These beers go into the “Other” classes.  They are classes that exist for beers that don’t fit into the traditional styles.

Or you may be thinking of entering that fruit/smoked/honey/chocolate/wood aged or low ABV beer.

These beers go into the “Specialty” classes which are given names such as “Wood Aged Beer” or “Chocolate Beer”.

The Specialty classes have a style guideline and it’s usually pretty broad with regards to their technical specifications.  Basically you just need to have the specialty ingredient in the beer.

When you enter beers into these classes, this is your only opportunity to use the “Brewer’s Notes” field on the entry form.

This is where you need to specify the base style.

The base style is where you refer to an existing style class in order to notify the judge as to what style guideline to evaluate your beer against.

Some entry forms require you to specify the base style but many don’t have it as a mandatory field.

I can’t stress enough how important it is to specify the base style.

Imagine if you’re a judge and you’re judging low ABV beers.  You get beers of many different types coming out at you in the same flight.

Dark beers, pale beers, wheat beers – you name it.

Imagine a judge looking at your awesome reduced ABV robust porter.  They only see a “dark beer”, can’t see your label and have no reference as to what you’re trying to make.

Is it supposed to be hoppy?  Is is supposed to have that biscuit malt character?

Don’t make the judge guess.  Tell them what exactly what you’ve made!

Soooo…..it’s a dark beer.

In the brewer’s notes, refer to the style guideline verbatim that your beer would be if it met the specifications of that style.

For example: “This beer is a reduced ABV Robust Porter. Base style: 13C Robust Porter.”

All of a sudden, you’ve given the judge the ability to turn to the correct page in the style guideline book and evaluate your beer according to your nominated base style.

Judges may (and that’s a big ‘may’) give you some leeway as to what you were trying to create knowing that getting all of the characteristics of a Robust Porter in a reduced ABV form is very difficult.

You will still need to have a well made, fault-free beer, however.

Mistake 4 – You Send Old and Stale Exhibits to be Judged

Old, stale and oxidised product is the most common fault spotted during judging however, some styles of beer can do very well when when aged such as barrel aged, Belgian-style or high ABV beers.

So if you’re sending beers in to be judged, especially hoppy styles, make sure they are as fresh as possible.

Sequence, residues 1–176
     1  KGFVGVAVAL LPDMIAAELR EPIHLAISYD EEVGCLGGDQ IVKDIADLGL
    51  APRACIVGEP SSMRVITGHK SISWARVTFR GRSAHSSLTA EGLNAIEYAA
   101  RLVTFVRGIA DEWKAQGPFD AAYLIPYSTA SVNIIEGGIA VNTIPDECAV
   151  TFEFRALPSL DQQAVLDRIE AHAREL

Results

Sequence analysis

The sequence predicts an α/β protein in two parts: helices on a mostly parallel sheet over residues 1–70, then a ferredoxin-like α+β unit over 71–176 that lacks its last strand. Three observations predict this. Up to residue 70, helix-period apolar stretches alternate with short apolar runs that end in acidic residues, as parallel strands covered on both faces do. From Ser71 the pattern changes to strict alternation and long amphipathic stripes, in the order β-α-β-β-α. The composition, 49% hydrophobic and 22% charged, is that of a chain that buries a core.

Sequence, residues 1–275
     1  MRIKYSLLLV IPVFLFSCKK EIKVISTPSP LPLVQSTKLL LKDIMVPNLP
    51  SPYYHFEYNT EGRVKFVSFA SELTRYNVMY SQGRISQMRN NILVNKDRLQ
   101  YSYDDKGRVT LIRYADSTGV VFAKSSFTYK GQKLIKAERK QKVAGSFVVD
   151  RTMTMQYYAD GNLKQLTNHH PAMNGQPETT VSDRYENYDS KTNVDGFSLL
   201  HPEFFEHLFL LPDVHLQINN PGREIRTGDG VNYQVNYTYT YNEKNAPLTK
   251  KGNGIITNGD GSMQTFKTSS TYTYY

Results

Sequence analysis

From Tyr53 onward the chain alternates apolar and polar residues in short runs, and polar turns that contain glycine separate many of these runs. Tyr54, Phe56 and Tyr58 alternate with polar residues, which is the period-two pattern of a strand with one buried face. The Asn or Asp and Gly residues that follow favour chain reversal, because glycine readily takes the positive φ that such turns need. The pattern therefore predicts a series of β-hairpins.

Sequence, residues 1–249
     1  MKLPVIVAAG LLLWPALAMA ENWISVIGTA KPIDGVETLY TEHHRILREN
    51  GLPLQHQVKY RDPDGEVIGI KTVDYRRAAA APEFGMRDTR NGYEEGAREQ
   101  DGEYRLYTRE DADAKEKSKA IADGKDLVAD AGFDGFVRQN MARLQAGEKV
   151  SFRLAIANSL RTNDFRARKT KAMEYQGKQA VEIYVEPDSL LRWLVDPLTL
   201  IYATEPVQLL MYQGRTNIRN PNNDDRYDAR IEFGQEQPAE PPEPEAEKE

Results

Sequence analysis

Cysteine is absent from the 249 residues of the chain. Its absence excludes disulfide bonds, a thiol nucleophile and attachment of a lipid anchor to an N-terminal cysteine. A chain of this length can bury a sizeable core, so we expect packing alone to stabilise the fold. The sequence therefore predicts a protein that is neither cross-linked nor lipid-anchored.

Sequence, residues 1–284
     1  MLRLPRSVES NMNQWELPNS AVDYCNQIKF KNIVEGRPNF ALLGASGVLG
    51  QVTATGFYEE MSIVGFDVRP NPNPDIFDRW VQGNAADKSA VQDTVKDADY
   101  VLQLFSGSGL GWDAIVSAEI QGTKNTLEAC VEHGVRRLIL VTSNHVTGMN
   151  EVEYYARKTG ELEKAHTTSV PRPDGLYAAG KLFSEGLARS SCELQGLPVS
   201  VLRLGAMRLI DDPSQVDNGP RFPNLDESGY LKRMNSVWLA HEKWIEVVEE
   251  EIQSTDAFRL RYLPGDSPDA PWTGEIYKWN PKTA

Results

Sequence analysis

Please don’t be like this to a beer judge.

Relating to freshness, here’s some of the common mistakes that are made by brewers when submitting exhibits:

  • Your brewery has heaps of different beers and you want to enter them all but some of them haven’t been brewed in a while so they’re showing signs of age.
  • You’ve got that seasonal IPA from a while back that you really want to enter because OMG the punters really loved it when it was released but if you’re honest with yourself, it’s deteriorated since.
  • Your warehouse lacks adequate stock rotation and picking processes and although there is fresher product at the brewery or warehouse, an old batch is picked and sent for judging by mistake.
  • You’ve got multiple batches of the same beer but you don’t clearly mark your product with a batch number on the bottle, keg or case so you don’t know which batch is the freshest.

In general, put your best foot forward.  Unless it’s a style where age can add to the exhibit, send your freshest beer.

Mistake 5 – You Send Your Exhibits The Slowest Way Possible

So you’ve gotten your freshest products out, labelled them up and now you’re going to send your exhibits to the the competition to be evaluated so you send it via Australia Post or DHL on a Friday.

And then your beer is sitting on a hot, unrefrigerated truck all weekend.

And then your excellent, fresh product is now not as fresh as it could be.

A reliable and well timed courier service can get your exhibit to a competition in tip-top condition.

How a beer arrives to a beer competition is as important as how well the beer is brewed.  Spend the money to get it there in the best possible condition as quickly as your budget allows.

Mistake 6 – You Don’t Read The Entry Booklet

Every beer competition publishes an entry booklet and competition rules.

How many bottles/kegs do you need to send?

What are the key dates for the competition with respect to entries and sending exhibits?

What is the cut off date to get exhibits to the competition?

Are you thinking of being considered for a Champion Brewery trophy in the AIBAs?